I testified this morning before the Senate Banking Committee’s hearing on “Establishing a Framework for Systemic Risk Regulation,” along with my AEI colleague Allan Meltzer. Observing the exercise of democracy up close and personal is always interesting, and this exercise was especially relevant because the White House only just put forward specific legislation. The administration wants to create a regulatory oversight council and give the Federal Reserve special powers to deal with institutions that pose significant risk.
Three observations stand out. First, the senators were almost universally underwhelmed by the specific legislation proposal from the administration, highlighted by a mistrust of giving the Fed new powers. There were general concerns about vesting too much authority in one entity and about the Fed’s performance in particular.
Second, bail-out fatigue has set in. The senators appeared frustrated that more financial institutions were too big to fail. Over the past year, the determination that more institutions were too big to fail involved the commitment of significant government resources. It has also enmeshed politicians in a debate on intricate issues such as executive cooperation and the governance role of boards of directors.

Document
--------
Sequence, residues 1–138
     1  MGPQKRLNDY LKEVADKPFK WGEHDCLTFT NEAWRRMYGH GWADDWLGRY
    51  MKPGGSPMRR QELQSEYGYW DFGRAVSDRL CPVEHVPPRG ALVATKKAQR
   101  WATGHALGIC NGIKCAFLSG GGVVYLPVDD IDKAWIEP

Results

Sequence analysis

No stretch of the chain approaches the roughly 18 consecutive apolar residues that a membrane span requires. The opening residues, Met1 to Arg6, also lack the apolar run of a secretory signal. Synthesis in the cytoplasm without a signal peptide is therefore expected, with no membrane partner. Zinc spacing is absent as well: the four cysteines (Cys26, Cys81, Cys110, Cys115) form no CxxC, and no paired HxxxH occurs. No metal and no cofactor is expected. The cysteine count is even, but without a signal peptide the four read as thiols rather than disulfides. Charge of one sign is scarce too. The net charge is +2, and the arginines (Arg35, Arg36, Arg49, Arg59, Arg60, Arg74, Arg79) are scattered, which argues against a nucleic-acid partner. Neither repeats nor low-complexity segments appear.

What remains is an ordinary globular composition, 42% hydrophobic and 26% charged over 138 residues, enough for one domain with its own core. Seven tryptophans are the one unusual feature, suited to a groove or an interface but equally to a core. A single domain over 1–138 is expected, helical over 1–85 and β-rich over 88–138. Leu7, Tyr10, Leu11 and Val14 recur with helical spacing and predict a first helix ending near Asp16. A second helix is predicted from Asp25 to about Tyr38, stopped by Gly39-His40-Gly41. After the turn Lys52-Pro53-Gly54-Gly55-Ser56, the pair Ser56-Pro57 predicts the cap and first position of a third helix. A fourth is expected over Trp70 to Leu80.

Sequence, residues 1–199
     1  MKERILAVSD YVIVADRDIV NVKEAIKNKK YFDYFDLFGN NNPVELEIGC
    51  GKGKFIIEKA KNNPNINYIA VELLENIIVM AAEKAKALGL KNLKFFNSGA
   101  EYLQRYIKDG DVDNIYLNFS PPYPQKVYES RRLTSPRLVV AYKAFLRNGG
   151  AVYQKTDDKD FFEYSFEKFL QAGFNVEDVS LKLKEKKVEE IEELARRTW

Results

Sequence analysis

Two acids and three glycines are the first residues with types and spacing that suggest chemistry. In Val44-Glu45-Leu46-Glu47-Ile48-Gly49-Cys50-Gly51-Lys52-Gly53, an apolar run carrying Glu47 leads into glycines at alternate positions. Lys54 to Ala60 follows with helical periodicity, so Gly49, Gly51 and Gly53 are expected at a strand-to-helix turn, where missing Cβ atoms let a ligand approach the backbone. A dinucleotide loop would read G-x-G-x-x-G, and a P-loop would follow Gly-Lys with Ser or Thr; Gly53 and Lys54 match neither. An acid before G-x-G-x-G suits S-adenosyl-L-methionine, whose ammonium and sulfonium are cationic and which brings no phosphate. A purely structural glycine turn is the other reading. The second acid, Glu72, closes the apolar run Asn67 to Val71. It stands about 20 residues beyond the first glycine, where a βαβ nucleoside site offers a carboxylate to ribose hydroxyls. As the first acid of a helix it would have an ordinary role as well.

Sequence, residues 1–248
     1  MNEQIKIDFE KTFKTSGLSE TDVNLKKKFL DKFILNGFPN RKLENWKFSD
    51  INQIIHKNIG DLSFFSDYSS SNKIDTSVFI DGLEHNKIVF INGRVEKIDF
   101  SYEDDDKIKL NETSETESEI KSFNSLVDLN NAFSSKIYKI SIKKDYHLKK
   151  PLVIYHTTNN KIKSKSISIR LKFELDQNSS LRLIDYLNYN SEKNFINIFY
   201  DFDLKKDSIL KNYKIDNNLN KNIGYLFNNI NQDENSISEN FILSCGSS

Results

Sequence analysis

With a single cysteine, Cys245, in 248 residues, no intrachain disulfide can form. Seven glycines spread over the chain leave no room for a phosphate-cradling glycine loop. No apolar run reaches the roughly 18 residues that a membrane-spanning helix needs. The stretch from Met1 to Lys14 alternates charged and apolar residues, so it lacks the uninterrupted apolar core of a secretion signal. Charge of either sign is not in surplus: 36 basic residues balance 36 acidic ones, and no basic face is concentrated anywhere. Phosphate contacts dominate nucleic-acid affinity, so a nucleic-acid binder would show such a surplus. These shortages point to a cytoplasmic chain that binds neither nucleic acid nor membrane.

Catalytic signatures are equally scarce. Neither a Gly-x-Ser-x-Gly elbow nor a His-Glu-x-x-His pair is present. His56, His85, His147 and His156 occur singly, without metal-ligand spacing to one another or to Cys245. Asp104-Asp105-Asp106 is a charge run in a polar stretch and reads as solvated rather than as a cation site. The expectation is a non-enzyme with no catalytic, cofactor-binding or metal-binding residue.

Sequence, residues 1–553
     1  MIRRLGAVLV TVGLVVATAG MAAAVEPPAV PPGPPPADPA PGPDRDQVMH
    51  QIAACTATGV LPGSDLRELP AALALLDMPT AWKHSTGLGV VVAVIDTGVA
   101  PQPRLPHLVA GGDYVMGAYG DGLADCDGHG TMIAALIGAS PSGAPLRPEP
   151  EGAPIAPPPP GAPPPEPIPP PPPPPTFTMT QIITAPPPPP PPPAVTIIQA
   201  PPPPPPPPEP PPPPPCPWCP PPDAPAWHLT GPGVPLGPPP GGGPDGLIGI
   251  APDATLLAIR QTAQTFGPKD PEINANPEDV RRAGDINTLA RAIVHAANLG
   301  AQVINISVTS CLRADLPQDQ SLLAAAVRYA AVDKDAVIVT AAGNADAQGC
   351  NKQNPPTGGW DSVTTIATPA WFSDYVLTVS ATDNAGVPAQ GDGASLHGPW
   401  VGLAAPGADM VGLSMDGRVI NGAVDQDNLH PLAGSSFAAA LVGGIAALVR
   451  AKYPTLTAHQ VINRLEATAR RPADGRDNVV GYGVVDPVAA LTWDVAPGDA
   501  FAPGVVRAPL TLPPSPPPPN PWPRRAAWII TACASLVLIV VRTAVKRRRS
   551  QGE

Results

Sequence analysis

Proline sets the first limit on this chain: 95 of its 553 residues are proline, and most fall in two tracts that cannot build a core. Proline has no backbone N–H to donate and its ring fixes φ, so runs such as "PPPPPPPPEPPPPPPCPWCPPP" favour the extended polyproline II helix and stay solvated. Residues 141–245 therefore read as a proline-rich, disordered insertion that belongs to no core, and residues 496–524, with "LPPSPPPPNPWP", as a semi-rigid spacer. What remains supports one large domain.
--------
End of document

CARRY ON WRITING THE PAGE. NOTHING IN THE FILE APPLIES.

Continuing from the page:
Third, elected officials appeared almost extremely unaware of their own role in the financial crisis. Only at the 2½ hour point did Senator Mel Martinez mention the government sponsored enterprises, Fannie Mae and Freddie Mac. This was jarring on a morning in which a report appeared that the aid to Fannie and Freddie could top $200 billion. Nor was there much recognition that the complexities of the regulatory structure, tax code, and accounting rules made supervision much more difficult and blunted market discipline. I addressed this issue in my testimony, which will be posted to my AEI page.